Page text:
Inflammation of mucosa caused by cancer-treating radiation. Mucositis is to mucosa as dermatitis is to skin. This inflammation appears reddish with patches of greyish superficial necrosis or ulceration. Typically, radiation mucositis fully resolves four to six weeks after the last radiation treatment.


Photos:

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Prior to start of radiation (1 of 4)

Patient with vocal cord carcinoma, primarily of the right true cord (left of picture). This is before radiation therapy began, so there is not yet any radiation mucositis.

Prior to start of radiation (1 of 4)

Patient with vocal cord carcinoma, primarily of the right true cord (left of picture). This is before radiation therapy began, so there is not yet any radiation mucositis.

Radiation mucositis, 1 week after radiation (2 of 4)

One week after the end of radiation therapy. The tumor has disappeared. Radiation mucositis is evident from the patches of grey (arrows), which are superficial ulceration.

Radiation mucositis, 1 week after radiation (2 of 4)

One week after the end of radiation therapy. The tumor has disappeared. Radiation mucositis is evident from the patches of grey (arrows), which are superficial ulceration.

Radiation mucositis, 4 weeks after radiation (3 of 4)

Almost four weeks after the end of radiation therapy. Note that the mucositis has begun resolving, especially on the right cord (left of picture).

Radiation mucositis, 4 weeks after radiation (3 of 4)

Almost four weeks after the end of radiation therapy. Note that the mucositis has begun resolving, especially on the right cord (left of picture).

Disappearing radiation mucositis, 10 weeks after radiation (4 of 4)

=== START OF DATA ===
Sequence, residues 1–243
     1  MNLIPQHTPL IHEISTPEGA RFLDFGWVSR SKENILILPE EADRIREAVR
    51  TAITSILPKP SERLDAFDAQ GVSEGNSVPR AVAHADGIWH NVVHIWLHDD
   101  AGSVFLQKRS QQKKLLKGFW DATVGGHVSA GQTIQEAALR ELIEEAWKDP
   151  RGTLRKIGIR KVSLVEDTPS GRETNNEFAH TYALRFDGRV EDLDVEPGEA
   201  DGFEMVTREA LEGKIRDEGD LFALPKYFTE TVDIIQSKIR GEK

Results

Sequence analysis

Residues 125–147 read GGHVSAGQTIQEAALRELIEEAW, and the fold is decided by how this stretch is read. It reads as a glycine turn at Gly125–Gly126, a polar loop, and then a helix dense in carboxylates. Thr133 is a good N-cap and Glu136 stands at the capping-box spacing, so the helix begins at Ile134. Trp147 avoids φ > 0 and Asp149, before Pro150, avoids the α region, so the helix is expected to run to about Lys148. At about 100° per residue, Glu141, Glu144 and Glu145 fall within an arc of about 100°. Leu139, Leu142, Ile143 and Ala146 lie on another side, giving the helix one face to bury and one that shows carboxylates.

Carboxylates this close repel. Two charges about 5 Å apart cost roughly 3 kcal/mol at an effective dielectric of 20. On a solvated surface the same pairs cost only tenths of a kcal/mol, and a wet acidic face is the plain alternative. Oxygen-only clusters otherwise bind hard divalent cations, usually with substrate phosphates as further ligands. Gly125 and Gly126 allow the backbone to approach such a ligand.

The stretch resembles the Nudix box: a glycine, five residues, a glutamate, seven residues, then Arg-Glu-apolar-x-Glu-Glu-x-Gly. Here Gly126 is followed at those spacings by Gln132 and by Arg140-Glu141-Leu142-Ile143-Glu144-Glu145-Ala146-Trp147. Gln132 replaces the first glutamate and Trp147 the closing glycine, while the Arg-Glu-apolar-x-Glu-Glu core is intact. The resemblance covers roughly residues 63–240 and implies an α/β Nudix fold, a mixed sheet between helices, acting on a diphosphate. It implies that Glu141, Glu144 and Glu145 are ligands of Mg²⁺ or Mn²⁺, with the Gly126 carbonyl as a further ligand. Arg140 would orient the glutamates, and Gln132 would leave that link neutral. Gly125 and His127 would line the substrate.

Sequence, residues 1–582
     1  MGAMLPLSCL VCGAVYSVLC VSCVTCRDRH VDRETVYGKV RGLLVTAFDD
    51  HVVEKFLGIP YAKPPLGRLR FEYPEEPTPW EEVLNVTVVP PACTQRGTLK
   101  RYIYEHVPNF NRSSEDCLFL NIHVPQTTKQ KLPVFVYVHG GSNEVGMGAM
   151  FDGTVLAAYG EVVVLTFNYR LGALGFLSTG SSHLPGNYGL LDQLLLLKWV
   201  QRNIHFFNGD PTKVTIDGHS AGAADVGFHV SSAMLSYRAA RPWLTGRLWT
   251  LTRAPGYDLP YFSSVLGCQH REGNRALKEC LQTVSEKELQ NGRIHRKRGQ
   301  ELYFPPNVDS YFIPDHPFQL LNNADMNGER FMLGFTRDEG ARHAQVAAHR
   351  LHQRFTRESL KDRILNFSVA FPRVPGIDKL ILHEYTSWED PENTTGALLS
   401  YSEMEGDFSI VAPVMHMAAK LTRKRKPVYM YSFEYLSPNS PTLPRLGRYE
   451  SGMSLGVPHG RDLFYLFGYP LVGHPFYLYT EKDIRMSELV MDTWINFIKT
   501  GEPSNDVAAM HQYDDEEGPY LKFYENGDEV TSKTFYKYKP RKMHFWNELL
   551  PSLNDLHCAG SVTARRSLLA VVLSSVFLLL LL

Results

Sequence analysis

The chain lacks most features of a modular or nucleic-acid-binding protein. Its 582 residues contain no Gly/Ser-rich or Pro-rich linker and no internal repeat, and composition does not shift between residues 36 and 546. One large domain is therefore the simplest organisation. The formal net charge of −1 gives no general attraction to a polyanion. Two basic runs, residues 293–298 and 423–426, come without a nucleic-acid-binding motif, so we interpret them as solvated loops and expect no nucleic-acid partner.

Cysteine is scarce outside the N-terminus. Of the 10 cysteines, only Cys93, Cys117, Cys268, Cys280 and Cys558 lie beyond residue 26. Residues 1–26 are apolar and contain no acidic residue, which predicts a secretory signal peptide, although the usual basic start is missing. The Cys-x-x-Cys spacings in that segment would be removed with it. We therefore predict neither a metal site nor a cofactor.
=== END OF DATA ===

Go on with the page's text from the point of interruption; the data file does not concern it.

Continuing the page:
Almost ten weeks after the end of radiation therapy. The mucositis is virtually gone.

Disappearing radiation mucositis, 10 weeks after radiation (4 of 4)

Almost ten weeks after the end of radiation therapy. The mucositis is virtually gone.

Laser Removal of Vocal Cord Cancer with Bilateral Disease

For treatment of early vocal cord cancer, both laser excision and radiotherapy are in competition as good treatment modalities. See also Early Vocal Cord Cancer: Remove with a Laser, or Radiate? Often, radiation is used when disease is bilateral, in the interest of preserving voice. This is an example of the ability to do fairly extensive laser surgery bilaterally, yet preserving good voice. This man had a friend who had severe difficulty with radiation, and he was therefore opposed to that option.

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Vocal cord cancer (1 of 10)

This 70-something man is a longterm smoker. Here you see an obvious cancer of his left vocal cord (biopsy-proven), but disease on the right side as well that is more superficial.

Vocal cord cancer (1 of 10)

This 70-something man is a longterm smoker. Here you see an obvious cancer of his left vocal cord (biopsy-proven), but disease on the right side as well that is more superficial.